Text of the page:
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With an old bristle brush and a little Sap Green, I added the foreground. The image above is what’s left after printing the first layer of the foreground. I used this color to register subsequent foreground color layers without having to guess about placement.

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It’s All About the Process

Process, process, process…if you don't like your painting process then there's no point in painting.

Sometimes the process can be quick; other times it's slow. At times, the process can fail you completely. But the minute by minute, day by day approach from a blank canvas to a completed painting should be, simply stated, a creative nirvana.

Here's American artist Mel McCuddin demonstrating his process…from a random application of paint on canvas to finding and refining images in that random surface. 

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Drive-by Pix

Out from the Dark

Bits and pieces of quick photo grabs were combined to make this composition.

My wife and I share driving along Hwy 401 into Toronto. When I'm the passenger, I have my smart phone or ipad at the ready to capture any drive-by scenes that might have possibilities. Sometimes the photos are blurry; sometimes I question why I even took the photo, but other times I'm delighted with an image or piece of an image that I can use in a painting.

This painting, called "Out From the Dark", 18" x 24" and painted in oils, has several sections from several photographs. I cropped elements from various photos, added them to a page in Photoshop and manipulated until I found something I liked. My Photoshop cropping is pretty rough so once I'm happy with a composition I do a small sketch either in a paper sketchbook or a digital sketchbook. And that becomes my composition.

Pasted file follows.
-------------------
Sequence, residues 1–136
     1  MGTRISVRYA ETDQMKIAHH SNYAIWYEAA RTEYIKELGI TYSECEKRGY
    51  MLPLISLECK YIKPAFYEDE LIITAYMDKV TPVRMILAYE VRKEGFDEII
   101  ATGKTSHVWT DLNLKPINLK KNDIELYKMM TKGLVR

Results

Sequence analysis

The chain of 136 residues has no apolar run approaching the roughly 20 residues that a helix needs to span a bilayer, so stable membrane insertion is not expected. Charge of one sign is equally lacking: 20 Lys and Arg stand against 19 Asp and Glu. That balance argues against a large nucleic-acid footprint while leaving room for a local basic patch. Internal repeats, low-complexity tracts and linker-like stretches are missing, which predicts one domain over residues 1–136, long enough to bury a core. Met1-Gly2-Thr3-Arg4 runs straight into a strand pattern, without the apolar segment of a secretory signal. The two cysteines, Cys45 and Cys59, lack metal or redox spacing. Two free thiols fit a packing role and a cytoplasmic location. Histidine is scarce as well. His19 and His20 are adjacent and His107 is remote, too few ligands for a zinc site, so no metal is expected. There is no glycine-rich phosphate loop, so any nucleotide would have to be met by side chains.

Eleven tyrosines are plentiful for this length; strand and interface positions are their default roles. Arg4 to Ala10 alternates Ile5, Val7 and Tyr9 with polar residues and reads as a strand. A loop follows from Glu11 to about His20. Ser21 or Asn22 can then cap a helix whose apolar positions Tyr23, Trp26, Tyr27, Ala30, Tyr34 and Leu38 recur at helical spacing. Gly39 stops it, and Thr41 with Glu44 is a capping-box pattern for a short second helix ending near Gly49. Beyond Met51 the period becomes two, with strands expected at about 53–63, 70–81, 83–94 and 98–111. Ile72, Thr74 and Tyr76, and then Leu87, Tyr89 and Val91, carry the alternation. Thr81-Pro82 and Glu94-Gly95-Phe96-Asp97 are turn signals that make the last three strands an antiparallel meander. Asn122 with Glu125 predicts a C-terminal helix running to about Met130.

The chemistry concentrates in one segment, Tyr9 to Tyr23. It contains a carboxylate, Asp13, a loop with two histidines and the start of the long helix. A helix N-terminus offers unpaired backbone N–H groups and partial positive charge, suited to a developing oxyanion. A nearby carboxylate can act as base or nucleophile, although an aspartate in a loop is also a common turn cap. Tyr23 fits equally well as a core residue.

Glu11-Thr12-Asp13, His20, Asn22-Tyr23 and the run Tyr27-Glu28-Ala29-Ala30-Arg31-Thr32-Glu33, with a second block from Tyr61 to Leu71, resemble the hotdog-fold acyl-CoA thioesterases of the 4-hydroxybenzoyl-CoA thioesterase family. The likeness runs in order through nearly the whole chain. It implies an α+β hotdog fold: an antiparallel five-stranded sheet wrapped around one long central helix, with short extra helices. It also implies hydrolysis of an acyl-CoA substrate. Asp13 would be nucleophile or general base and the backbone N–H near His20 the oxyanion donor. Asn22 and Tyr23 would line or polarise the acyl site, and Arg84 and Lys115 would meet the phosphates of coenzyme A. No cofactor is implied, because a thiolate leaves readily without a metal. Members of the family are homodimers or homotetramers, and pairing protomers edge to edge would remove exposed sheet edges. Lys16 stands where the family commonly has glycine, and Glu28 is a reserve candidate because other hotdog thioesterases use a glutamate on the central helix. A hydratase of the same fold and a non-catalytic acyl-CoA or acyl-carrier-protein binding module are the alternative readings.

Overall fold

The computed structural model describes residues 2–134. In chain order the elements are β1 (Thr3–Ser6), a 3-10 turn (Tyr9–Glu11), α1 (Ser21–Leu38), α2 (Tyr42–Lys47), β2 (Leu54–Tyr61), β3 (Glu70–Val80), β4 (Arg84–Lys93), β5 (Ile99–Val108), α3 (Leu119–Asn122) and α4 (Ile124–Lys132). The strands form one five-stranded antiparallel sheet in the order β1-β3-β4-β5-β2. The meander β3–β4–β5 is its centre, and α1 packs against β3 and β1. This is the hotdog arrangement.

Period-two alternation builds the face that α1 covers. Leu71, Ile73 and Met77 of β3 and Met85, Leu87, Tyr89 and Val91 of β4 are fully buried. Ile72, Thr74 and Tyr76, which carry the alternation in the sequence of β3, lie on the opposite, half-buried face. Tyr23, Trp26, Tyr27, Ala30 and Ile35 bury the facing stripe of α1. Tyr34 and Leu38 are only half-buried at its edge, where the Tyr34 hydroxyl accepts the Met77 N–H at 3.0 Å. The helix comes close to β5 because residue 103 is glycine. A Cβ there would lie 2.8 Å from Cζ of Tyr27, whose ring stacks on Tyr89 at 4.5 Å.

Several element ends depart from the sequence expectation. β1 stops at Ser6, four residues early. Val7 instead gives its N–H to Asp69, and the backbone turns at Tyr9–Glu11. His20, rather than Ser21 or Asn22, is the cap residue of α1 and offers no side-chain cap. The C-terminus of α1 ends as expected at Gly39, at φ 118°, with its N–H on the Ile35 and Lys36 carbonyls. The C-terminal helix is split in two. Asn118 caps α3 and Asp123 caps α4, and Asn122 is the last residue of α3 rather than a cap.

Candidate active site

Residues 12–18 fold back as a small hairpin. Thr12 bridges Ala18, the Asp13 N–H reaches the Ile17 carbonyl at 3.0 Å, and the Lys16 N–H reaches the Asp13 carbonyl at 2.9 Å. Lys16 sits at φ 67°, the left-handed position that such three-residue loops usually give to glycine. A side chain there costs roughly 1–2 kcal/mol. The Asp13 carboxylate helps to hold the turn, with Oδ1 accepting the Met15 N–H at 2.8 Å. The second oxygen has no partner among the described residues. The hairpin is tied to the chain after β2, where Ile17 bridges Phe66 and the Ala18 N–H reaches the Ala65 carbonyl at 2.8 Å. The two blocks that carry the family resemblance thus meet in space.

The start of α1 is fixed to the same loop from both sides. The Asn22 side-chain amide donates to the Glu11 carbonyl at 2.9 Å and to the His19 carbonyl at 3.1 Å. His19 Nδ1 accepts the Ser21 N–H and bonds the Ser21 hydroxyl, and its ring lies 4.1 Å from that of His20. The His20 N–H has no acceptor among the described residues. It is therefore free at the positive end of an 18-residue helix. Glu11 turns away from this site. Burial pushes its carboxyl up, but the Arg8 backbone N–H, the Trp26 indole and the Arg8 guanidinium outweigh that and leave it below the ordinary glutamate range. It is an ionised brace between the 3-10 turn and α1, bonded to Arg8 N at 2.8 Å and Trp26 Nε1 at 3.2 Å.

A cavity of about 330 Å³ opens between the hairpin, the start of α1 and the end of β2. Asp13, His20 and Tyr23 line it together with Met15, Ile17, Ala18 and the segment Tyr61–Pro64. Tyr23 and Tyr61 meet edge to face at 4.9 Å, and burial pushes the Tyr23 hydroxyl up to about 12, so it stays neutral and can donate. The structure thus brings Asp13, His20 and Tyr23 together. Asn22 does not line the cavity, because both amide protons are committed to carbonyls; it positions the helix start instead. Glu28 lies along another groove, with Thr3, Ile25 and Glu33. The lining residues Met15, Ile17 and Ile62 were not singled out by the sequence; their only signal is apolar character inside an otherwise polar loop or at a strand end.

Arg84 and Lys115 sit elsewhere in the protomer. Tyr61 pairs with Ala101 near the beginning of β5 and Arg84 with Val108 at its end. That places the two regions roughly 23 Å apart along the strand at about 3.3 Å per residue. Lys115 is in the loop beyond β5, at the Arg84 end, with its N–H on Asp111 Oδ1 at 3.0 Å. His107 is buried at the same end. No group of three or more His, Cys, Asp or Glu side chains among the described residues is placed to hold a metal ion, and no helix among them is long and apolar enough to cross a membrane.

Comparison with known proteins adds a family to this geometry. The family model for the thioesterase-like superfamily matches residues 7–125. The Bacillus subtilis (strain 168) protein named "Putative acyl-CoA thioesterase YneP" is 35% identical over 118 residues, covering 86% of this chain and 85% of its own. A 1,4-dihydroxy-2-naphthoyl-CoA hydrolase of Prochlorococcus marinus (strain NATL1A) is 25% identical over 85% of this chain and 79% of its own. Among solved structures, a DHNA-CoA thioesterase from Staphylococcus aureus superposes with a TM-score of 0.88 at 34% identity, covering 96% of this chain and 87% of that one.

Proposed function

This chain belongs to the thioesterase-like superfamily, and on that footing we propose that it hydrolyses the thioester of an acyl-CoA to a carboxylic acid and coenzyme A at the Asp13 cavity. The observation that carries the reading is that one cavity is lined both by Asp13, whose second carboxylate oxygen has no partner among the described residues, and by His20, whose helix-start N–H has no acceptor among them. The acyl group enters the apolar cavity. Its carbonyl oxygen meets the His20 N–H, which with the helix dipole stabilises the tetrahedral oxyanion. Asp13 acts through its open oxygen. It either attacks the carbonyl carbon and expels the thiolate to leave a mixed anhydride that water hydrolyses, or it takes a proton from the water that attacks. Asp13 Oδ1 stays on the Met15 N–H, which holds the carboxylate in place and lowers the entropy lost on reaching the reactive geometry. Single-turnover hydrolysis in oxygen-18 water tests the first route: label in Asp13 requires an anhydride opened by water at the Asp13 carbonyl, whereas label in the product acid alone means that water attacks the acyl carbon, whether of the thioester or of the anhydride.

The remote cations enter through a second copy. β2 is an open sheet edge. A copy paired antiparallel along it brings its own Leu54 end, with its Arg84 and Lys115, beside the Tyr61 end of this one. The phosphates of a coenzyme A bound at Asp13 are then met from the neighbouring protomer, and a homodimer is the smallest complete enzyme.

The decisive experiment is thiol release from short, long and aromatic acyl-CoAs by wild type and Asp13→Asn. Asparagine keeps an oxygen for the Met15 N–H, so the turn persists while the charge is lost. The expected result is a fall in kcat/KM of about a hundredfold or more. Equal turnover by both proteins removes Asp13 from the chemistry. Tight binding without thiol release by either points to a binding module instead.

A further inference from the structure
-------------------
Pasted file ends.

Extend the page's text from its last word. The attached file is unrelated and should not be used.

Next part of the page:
Next step was to decide on concept and color. The foreground of a couple of the original images I used as resource was filled with construction equipment. I wanted something a little more pastoral and I discovered a photo I took of a large shadow on grass – just a shadow; just some grass. Weird, but the pic was in my files. Turns out that shadow became the reason for the painting.

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Three Colors; Two Looks; Many Values

Red Green

Here's a little exercise I did using one limited color palette, the same design and a complementary color scheme to create two different looks.

 I used an acrylic palette of Hansa Yellow Medium, Napthol Red Medium and Phthalo Blue (green shade) along with Mars Black and Titanium White to create these two paintings.